Hello, I ‘m a creative artist living and working in Middle Tennessee. Since 2009 I have been working on a series of Encaustic paintings using a unique process of transferring ink from recycled magazine pages onto a thin layer of beeswax.
I have a video on Youtube that shows me working and explaining each step, but I’ll give you a quick explanation of how I work with wax.
Here is the video if you’d rather not read the explanation:
- I build my panels and prepare the background using milk paint.
- Now I apply pure beeswax (no added resin) with a paint brush. I try and get a good thick layer of wax, as even as possible.
- I use clay tools to smooth out the rough areas left from the brush. First, I use a wire loop tool and then a metal scrapper. This will get the surface smooth, but will leave some imperfections (which I like).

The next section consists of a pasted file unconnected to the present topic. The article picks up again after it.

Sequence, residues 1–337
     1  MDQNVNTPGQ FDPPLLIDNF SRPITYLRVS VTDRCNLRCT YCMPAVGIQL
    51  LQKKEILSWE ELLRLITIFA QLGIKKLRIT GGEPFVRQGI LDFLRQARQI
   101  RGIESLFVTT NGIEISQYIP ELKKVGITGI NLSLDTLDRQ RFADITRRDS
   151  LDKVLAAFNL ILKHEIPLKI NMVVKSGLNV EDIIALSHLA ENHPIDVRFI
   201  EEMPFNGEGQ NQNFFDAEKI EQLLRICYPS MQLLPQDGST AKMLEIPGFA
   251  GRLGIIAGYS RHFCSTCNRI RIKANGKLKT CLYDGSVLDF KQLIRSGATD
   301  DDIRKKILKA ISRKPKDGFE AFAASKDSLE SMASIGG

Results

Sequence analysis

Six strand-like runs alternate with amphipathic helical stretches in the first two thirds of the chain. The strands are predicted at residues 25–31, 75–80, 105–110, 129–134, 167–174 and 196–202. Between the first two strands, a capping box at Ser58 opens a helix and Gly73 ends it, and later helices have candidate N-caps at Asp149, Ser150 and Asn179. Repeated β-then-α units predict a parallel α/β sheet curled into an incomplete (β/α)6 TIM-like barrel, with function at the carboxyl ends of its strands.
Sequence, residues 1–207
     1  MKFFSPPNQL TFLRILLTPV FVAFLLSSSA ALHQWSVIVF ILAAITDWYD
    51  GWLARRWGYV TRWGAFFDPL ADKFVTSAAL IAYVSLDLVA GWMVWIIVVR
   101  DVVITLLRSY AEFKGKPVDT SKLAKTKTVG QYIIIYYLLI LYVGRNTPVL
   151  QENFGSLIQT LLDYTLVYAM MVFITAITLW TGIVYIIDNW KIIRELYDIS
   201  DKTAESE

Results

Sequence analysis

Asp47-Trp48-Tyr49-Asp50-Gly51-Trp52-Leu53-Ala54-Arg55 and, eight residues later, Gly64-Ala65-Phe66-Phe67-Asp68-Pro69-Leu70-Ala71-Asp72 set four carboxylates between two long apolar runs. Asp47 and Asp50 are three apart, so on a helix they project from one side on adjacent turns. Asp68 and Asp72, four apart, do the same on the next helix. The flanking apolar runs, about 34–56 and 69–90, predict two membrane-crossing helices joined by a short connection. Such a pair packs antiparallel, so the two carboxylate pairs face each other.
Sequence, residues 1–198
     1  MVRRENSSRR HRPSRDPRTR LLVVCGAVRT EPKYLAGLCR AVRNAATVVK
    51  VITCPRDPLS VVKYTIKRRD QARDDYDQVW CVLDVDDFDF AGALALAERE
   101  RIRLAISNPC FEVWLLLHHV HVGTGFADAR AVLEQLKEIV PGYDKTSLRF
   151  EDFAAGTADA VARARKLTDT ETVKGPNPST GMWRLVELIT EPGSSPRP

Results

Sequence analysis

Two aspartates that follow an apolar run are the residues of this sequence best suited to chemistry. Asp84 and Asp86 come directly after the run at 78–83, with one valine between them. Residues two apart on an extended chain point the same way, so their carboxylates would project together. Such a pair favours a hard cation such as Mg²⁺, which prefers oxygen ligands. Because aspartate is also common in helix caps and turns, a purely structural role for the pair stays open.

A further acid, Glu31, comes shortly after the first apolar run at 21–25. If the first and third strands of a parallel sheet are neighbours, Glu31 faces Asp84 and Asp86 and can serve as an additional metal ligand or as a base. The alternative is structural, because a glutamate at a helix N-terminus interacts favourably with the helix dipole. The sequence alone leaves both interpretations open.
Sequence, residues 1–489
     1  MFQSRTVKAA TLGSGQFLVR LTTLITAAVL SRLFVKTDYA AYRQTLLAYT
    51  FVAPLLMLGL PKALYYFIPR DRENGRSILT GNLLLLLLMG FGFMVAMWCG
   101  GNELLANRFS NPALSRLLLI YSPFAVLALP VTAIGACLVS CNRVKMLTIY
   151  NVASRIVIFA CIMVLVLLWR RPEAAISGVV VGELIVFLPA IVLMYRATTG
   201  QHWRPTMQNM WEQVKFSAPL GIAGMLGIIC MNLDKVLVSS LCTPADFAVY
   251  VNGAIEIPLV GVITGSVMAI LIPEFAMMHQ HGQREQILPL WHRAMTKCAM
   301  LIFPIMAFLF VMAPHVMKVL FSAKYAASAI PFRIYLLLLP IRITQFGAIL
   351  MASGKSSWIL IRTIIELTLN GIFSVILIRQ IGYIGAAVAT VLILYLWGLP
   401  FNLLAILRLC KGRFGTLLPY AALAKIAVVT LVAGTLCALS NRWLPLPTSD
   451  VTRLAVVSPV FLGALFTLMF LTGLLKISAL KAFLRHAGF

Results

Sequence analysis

- I like to have a drawing of my composition on paper and figure out where I need certain colors and the darker areas to be. Then I cut magazine pages for the areas of colors. I’m basically cutting the composition like a puzzle. Small pieces transfer best (1-2″).
- As I cut each piece I place the color face down on the bed of wax and begin burnishing it into the wax. In the video, I use a green cleaning pad, but have now started using a small block of wood.
- After all the pieces are in place I scrape away the wax from the areas not covered with paper.
- Now I use 150-220 grit sandpaper to sand the paper from the back of the ink. Gently removing as much paper as possible before getting to the ink. Once I get close; I wet the paper and gently rub away the paper residue until I see the ink come through. I continue wetting the area and use a t-shirt material to buff the surface until all the paper is gone.
- To finish I remove all the wax from the negative areas and heat the ink (with a heat gun) just enough to set it into the wax. Finally, I apply a wax sealer to help protect the surface.
Thanks for reading about my process. I’m looking forward to reading your comments.